Virtual gallery shows artifacts of Süleyman
ISTANBUL - Anatolia News Agency
AA PhotoA virtual gallery titled “Rare Works of Art,” and resulting from a partnership between Istanbul University (IU) and the consumer electronics store Teknosa, gathers together magnificent works of art from the era of Sultan Süleyman the Magnificent, in honor of the 446th anniversary of his death.
The project also marks the first virtual library in Turkey, and the first interactive simulation of an important historical structure, Süleymaniye Mosque.
Speaking at the opening of the virtual gallery, Istanbul University rector Yusuf Söylet said works on the project began in 2007. “Istanbul University is not only a hub for cultural heritage hub, it is also forms a scientific bridge between past and present,” he said. “With this new project it is possible to learn more detailed information about Kanuni [Lawgiver] Sultan Süleyman.”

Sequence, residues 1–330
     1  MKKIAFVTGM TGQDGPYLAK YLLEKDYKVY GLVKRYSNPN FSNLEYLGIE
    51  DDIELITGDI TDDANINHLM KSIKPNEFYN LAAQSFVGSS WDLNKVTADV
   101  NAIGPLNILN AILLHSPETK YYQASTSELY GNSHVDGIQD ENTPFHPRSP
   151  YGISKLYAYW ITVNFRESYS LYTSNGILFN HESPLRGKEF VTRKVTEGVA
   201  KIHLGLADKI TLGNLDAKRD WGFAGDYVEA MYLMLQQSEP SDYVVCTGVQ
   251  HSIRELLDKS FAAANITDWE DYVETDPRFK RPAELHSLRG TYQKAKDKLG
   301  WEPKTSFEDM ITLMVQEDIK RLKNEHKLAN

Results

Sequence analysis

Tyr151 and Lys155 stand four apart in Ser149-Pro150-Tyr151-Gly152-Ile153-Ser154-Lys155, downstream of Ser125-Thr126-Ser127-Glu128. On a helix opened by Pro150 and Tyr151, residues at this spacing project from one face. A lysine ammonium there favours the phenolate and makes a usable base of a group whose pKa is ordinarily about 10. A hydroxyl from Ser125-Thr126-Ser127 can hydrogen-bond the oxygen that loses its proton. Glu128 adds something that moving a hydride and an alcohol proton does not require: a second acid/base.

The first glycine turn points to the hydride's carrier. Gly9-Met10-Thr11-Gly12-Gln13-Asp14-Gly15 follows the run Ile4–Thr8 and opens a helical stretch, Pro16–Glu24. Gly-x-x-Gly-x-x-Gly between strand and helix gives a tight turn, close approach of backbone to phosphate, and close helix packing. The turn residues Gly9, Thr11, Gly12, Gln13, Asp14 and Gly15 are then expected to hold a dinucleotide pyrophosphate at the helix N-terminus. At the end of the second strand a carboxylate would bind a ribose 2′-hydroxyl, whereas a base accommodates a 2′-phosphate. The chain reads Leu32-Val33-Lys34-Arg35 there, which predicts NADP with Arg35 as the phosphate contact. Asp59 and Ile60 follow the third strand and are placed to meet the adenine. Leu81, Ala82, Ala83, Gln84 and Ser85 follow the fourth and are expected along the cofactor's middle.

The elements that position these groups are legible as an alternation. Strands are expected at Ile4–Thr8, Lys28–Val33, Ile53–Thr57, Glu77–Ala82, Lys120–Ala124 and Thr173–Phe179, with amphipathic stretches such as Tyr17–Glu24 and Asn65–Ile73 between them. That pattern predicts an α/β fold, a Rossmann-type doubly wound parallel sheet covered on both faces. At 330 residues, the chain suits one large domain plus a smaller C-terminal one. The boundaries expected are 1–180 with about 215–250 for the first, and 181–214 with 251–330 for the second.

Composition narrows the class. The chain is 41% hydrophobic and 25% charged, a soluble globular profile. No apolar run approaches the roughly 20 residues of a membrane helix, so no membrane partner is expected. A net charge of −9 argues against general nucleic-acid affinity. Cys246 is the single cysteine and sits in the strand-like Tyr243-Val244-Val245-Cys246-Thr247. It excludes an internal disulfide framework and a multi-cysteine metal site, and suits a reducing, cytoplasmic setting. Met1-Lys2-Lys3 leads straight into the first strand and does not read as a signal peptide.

Presenting the life of Süleyman
The life of Suleyman is presented in three different languages on the website that hosts the gallery.
Teknosa uploaded three one-of-a-kind manuscripts from the time of Süleyman’s reign to the digital environment. “Divan-ı Muhibbi,” “Beyan-ı Menazil Sefer-i Irakeyn” and “Kitab-ı Bahriye,” which are kept in IU’s Rare Book and Manuscript Library, will be preserved with this digital tool.
A 3-D interactive simulation of architect Sinan’s Süleymaniye Mosque, one of the most significant structures of the period, has also been prepared enabling virtual visits. The project’s website will also feature 3-D images Süleyman’s clothes and personal belongings.
The university has restored its historical structures and also reorganized the artwork in the Rare Books and Manuscripts Library using modern preservation methods, Söylet said. The library will continue to transfer rare books from the collection to the virtual environment with Teknosa’s help.
“This environment will enable us to share these works of art with the whole world. There are
no other copies of these works of art,” Söylet said.
The virtual gallery will remain open until Dec. 31, 2012.